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It is true that if our labor force were put to work on supplying the deficiencies of our own people, the meeting of their needs could keep that labor force fully employed for some years. Furthermore, in theory, it is true that this country could so adjust its working hours and so dispose of its labor force as to afford added leisure as well as higher living levels to all, and thus perhaps avoid dependence on foreign markets.

Yet it would be wholly visionary to expect these courses to be pursued within any predictable term of years. Therefore, it becomes clear that United States business and agriculture must expect to sell abroad if it is to maintain employment at present levels, to maintain the mass purchasing power that employment means, and to maintain the prosperity that continuation of both implies.

Yet the collapse of international monetary exchange since the war, the prostration of a large part of the rest of the world, and the continued disruption of traditional channels and mechanics of world trade, combine to render extremely complex and difficult the revival of peacetime markets for American goods, much less their expansion. To this point, much of the basic difficulty has been concealed by the distortions accompanying immediate postwar conditions.

Basically, the situation now is just what it was when we were lending billions upon billions of dollars after World War I. Now, great loans are being made, some effects of lend-lease spending are still present and vast sums of United States money are being spent, in effect, as direct relief grants to the rest of the world. In addition, we are forcing commodities into occupied countries through uneconomic means, in the sense that there is little or no exchange value attached, and are spending large sums of money upon maintaining military establishments abroad which, whether desirable or undesirable from other points of view, do afford the countries where such forces are maintained some additional United States dollars.

This means that we are simply underwriting our own production for export instead of arranging to receive goods in return for goods.

That is one of the principal facts of American vulnerability. Another is the fact that even with the full functioning of such United Nations agencies as the World Bank, the International Monetary Fund, the Food and Agriculture Organization, and the International Trade Organization-even with all of these operating at their most effective, the bulk of the funds for them would have to come from this country for so long as the world remained crippled economically.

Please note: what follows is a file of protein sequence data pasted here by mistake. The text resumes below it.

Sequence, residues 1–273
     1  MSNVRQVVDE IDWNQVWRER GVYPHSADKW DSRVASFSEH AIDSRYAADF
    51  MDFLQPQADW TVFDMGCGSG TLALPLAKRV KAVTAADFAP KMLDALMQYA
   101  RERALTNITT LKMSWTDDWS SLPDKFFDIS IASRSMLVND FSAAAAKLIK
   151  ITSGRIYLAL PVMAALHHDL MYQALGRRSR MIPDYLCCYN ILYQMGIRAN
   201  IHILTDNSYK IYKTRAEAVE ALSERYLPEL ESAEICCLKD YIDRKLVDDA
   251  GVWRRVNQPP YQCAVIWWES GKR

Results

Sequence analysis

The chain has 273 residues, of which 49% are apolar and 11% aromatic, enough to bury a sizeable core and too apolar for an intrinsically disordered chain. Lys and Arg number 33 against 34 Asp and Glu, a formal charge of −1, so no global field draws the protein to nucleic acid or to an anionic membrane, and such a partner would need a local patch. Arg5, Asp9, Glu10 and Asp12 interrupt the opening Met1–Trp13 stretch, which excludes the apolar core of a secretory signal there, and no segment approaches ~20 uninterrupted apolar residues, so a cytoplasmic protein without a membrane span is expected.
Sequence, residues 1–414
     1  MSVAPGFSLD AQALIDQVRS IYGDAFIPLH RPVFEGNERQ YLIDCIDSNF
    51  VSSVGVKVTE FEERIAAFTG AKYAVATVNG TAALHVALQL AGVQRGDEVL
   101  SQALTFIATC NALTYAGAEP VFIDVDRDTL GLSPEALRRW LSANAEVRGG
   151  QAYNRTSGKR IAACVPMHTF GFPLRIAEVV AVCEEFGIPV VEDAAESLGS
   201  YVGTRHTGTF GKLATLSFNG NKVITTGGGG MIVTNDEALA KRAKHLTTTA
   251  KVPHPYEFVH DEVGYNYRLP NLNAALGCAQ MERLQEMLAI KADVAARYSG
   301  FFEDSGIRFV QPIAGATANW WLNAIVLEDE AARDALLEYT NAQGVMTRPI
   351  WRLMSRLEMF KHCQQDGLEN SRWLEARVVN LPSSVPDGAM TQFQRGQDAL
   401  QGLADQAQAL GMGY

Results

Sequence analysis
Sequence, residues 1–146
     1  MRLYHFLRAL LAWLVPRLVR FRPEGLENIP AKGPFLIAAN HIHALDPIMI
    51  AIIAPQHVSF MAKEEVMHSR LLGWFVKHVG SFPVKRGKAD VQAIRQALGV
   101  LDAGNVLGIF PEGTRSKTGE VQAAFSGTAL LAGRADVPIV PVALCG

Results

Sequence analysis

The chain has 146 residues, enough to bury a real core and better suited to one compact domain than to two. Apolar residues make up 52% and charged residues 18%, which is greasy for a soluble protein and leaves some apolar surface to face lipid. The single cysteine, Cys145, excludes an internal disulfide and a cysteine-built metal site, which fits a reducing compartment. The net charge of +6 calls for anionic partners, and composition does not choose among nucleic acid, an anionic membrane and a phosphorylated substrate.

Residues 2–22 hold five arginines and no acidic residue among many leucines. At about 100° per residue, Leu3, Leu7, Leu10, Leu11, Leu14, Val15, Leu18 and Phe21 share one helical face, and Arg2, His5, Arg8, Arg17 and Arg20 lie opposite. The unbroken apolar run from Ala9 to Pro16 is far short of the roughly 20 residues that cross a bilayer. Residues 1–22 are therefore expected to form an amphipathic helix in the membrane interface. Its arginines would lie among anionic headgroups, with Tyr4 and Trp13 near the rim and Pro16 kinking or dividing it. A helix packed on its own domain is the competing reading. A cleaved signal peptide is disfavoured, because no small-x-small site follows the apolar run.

In the long run, the only way whereby investment of American funds abroad, whether directly or through UN agencies, can be secured is by increased world trade, freely flowing goods, and freely flowing exchange. So long as the barriers that have split the world into senseless economic units continue, then just that long will the full potentialities of a reconstructed world economy go unrealized. No nation can really live in self-sufficiency. Even if it could, it would have to do so on a narrowly restricted living standard, a living standard that would hurt others as well as itself. In the end, those areas that produce specific commodities most efficiently must become the chief suppliers of other areas with those goods. To the extent that the world economy approaches that goal, to that extent will there be an appreciable rise in world living levels.

Thus, the security of our investment itself is at stake in the discussions centeirng about revival of world trade and the measures to be taken to promote such a revival.

But perhaps of even more significance is the vulnerability of the United States with respect to general economic depression. We have heard much talk of late, about recession and everyone seems to look rather calmly toward an economic adjustment. Lower prices are, of course, essential to continued stable economic conditions in the United States. But what is not generally realized is the grave danger that a recession can turn into a very real and very disastrous depression, unless great care is exercised.

The very dominance of the United tes the world thus becomes very perilous, for if the world at large reads into economic tremors in this country the beginnings of a genuine earthquake, then tremendous harm can follow. As has been indicated, United States supplies and funds are the hope of a great part of the world. If the process of adjustment in this country takes the form of reduced production, of falling exports, of contracting expenditures abroad, along with unemployment and increased public spending for domestic relief, then the world at large will almost certainly rake fright. That will feed upon itself, and thus the very fear cycle that causes depressions in one country will spread over the world.

Expanded world trade is not by any means the only step to be taken to guard against this contingency or against others discussed herein. But it is a very real and tangible step, one that ought to be taken.